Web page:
Top 3 Plastic Injection Molding Defects Caused by Temperature Issues & How to Fix Them
When it comes to plastic injection molding, temperature plays a vital role in part quality. The most common temperature-induced defects are Warpage, Sink Marks and Jetting.
Below, we explain these plastic injection molding defects and how to fix them:
Defined: Plastic injection mold warpage is when the intended shape of the molded part is distorted during the cooling process, causing the part to fold, bend, twist or bow.
Cause: Mold warpage is often caused by insufficient mold temperatures. If the mold temperature is too low the molecules will solidify prior to packing and at different rates. This temperature-induced issue causes plastic injection mold warpage.
Solution: To prevent mold warpage, increase the mold temperature based on the resin supplier’s recommendations and then adjust accordingly. Operators should allow 10 cycles for every 10 degree change in order to allow the process to re-stabilize.
*If temperature is not the cause of your mold warpage, you’ll want to look at Solutions for Injection Molding Warpage, which provides other potential issues and how to solve them.
Defined: In plastic injection molding, sink marks are categorized as depressions (small craters) that can occur in thicker areas of the molded part.
Cause: Sink marks are most often caused by insufficient cooling time. This usually occurs because the thick sections of the injection molded part take longer to cool than the thin areas.
Solution: Aside from reducing the thickness of the thickest wall sections, you may also need to lower mold temperatures, increase holding & prolong holding time in order to allow for sufficient cooling and curing.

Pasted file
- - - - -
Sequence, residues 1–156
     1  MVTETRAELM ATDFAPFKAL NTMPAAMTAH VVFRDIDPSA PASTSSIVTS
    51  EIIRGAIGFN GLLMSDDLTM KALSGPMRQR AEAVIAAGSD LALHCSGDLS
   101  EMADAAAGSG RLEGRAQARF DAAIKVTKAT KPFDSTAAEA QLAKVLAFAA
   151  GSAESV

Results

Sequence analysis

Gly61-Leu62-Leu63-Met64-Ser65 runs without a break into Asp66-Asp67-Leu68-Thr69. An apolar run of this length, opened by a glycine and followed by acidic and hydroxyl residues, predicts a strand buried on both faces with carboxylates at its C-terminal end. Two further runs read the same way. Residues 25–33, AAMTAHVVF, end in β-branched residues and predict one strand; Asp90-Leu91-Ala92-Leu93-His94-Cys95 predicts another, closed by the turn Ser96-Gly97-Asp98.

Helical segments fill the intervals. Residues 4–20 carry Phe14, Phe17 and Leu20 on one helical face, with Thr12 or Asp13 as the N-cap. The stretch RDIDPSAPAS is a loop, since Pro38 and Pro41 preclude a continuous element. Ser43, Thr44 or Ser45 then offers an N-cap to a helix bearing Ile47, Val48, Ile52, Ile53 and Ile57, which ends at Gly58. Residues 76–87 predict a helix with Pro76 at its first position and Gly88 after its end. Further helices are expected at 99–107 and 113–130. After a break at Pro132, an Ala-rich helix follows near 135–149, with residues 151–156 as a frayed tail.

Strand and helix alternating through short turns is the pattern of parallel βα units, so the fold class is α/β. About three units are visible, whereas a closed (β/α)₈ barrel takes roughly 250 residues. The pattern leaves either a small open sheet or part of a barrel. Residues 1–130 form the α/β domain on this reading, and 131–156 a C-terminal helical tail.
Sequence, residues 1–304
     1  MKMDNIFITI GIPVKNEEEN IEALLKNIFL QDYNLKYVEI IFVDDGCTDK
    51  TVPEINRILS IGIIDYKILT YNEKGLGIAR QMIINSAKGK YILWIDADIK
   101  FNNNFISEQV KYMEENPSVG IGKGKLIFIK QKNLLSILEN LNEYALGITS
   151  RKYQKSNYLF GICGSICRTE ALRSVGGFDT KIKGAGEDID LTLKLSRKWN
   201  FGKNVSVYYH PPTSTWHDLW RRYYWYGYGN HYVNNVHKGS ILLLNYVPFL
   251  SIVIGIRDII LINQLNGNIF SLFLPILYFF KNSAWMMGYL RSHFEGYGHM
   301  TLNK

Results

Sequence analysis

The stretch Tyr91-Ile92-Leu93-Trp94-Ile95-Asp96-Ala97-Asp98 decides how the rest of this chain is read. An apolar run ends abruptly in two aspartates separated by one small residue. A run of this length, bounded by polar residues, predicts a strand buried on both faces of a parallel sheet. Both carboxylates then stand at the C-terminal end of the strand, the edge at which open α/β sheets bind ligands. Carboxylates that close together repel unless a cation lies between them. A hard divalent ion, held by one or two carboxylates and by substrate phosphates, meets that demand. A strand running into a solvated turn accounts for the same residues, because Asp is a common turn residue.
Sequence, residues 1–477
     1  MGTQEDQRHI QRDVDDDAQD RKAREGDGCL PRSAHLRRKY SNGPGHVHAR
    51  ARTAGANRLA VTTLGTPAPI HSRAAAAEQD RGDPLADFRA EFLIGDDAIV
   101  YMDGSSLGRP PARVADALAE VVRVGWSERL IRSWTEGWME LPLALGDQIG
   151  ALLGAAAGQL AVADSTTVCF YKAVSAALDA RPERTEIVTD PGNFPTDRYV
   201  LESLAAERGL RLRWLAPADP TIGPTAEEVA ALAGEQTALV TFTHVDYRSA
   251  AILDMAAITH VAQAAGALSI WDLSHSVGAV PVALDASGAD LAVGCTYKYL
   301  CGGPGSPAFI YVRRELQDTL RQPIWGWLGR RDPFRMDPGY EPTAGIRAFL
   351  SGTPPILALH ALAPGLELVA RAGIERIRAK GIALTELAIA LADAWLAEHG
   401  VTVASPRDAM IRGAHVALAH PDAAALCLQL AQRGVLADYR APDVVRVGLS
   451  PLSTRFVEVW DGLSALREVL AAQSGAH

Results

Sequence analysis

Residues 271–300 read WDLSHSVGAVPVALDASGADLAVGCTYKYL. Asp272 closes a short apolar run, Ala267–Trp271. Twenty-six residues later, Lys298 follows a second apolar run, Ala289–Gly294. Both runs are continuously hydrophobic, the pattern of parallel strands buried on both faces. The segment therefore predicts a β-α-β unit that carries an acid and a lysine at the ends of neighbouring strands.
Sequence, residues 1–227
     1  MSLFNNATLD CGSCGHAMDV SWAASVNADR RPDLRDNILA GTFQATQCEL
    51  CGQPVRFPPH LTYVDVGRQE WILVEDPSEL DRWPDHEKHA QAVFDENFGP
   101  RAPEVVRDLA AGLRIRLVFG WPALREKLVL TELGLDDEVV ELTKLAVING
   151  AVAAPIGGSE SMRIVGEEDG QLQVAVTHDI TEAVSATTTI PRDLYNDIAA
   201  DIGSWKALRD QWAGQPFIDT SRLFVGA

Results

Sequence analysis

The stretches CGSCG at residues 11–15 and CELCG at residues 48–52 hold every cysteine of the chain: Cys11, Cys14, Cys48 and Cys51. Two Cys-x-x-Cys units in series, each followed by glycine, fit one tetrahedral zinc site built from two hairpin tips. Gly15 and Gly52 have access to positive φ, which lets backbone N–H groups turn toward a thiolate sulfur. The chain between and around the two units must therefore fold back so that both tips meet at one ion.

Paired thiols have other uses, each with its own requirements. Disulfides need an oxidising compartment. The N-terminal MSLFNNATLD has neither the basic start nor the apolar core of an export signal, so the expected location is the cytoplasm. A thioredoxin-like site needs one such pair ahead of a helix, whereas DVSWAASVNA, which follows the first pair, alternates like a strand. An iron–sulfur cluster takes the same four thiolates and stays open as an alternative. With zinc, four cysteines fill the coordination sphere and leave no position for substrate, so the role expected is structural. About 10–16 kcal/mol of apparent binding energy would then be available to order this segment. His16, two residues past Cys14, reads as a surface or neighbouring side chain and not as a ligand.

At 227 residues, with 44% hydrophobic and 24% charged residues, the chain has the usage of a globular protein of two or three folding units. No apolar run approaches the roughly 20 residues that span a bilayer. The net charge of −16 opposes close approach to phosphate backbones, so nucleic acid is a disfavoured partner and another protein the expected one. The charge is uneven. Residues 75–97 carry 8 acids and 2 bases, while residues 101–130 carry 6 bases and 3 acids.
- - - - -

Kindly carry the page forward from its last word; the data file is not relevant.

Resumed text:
Defined: Jetting happens when molten plastic fails to stick to the mold surface. When the liquid molten plastic solidifies it will exhibit the wavy fold characteristics of the jet stream on the surface of the plastic injection molded part.
Cause: In plastic injection molding, jetting is most commonly caused because the melt temperature is too low & the viscosity of the molten plastic resin becomes too high. This leads to an increased resistance in flow through the mold. When the plastic resin is injected into the mold and makes contact with the mold walls, it’s rapidly cooled & viscosity increases. The resin that flows through behind the viscous resin pushes that viscous resin further, which leads to scrape marks on the finished product’s surface.
Solution: Aside from increasing melt and mold temperatures, you can also increase the mold gate size so injection speed slows. You may also need to optimize your plastic injection mold gate design to achieve sufficient contact between the molten plastic resin & the mold.